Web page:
I understand the frustration (and expense) to take kids back in to be seen if symptoms worsen, change, or simply just don’t resolve at home. If symptoms change, we need to re-evaluate, which includes an exam. Medical providers cannot look into the future to see what will develop. It is not appropriate (or effective) to put kids on an antibiotic or iv fluids to prevent the illness from taking its natural progression. Sometimes we need time to see how the illness progresses to see what other treatments might be needed.
When you hear that your child has a viral illness, do not take that to mean it’s “just a virus” and there’s nothing to be done. There are many supportive measures that can be done and things to monitor to be sure your child isn’t getting sicker. Dr. Jamie Friedman discusses the topic of Just a Virus and Dr. Chad Hayes also covers the difference between “just a virus” and the potential risks of a viral illness in “Just a Virus:” What Your Doctor Meant to Say.
When parents call back and want something else done, they are often upset that we want to see the child again. I hear many types of complaints.
- Money is probably the biggest issue. It is not because we want your co pay. The “we” I use here is not just my office and I am not speaking of any particular situation. With online doctor rating sites, social media sites, and knowing doctors around the country, I write with many examples in mind. I’ve seen online complaints that doctors are just money hungry, trying to get someone to come back in just so we can charge more money. It is true that we charge for every visit. We are not able to waive the copay because we did “something wrong” or “missed a diagnosis” the first time. Each is a separate visit with updated information and a separate exam. Insurance contracts dictate that a separate copay is charged. We must adhere to legal contracts or it would be considered insurance fraud.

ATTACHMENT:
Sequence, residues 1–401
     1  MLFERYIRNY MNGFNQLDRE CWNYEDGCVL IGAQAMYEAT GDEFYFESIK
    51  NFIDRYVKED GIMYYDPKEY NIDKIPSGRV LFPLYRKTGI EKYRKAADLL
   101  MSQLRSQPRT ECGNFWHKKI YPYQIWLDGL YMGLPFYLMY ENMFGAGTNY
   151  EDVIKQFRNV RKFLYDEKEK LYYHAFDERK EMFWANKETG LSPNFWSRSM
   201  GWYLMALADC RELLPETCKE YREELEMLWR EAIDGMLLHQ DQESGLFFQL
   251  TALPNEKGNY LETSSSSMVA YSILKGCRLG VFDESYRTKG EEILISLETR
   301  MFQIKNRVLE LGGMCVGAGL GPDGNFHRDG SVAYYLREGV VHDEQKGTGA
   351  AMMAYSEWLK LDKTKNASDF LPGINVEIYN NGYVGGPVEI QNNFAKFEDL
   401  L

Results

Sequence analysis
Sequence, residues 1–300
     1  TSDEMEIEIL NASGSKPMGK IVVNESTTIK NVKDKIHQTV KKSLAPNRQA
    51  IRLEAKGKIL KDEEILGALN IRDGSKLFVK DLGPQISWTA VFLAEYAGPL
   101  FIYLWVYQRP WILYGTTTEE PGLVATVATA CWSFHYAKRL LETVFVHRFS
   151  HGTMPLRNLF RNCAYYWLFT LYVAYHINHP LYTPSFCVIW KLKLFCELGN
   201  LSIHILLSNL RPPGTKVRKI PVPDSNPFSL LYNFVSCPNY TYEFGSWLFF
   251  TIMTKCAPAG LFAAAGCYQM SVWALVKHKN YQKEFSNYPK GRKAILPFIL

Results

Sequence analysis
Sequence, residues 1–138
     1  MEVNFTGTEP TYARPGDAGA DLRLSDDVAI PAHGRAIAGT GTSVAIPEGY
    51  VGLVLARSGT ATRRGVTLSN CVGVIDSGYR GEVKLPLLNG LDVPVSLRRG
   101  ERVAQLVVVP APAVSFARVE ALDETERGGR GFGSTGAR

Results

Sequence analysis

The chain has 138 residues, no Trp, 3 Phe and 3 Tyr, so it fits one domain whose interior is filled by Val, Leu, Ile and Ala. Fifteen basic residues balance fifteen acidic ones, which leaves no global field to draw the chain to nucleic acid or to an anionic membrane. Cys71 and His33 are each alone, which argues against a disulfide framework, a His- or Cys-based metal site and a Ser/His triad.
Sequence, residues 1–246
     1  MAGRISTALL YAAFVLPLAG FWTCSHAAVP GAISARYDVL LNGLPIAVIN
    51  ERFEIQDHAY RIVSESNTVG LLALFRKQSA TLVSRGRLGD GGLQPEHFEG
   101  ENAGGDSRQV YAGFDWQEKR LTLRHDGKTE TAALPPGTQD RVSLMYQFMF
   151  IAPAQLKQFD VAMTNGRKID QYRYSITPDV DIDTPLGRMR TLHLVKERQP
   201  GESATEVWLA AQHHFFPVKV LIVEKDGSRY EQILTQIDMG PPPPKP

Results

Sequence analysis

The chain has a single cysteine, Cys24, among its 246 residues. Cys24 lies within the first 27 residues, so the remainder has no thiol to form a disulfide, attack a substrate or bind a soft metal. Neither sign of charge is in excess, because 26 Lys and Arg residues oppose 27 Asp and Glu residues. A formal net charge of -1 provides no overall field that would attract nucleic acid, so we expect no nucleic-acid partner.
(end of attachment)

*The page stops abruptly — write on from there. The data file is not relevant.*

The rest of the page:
- Increasing our numbers for “production” is sometimes brought up. It is not because we want to fill our waiting room with more children to increase the waiting time for everyone else. We don’t want to waste your time or ours. But we need to see a child to know what is happening at that moment to be able to give any valuable advice and treatment.
- We want to see your child again because we need to see your child to know what to do. Maybe now the child’s symptoms have changed. Maybe not, but without the history and exam we do not know. The exam might now show wheezing, low oxygen levels, a new ear infection or sounds of pneumonia. Sometimes the exam still is overall normal, but the fever’s been going on long enough without any identifiable cause, which requires lab and/or x-ray evaluation.
Please remember that if you get a different answer at a different visit, it doesn’t mean that the first assessment was wrong. Usually it is due to a progression of the illness, and things change.
Human bodies are not static.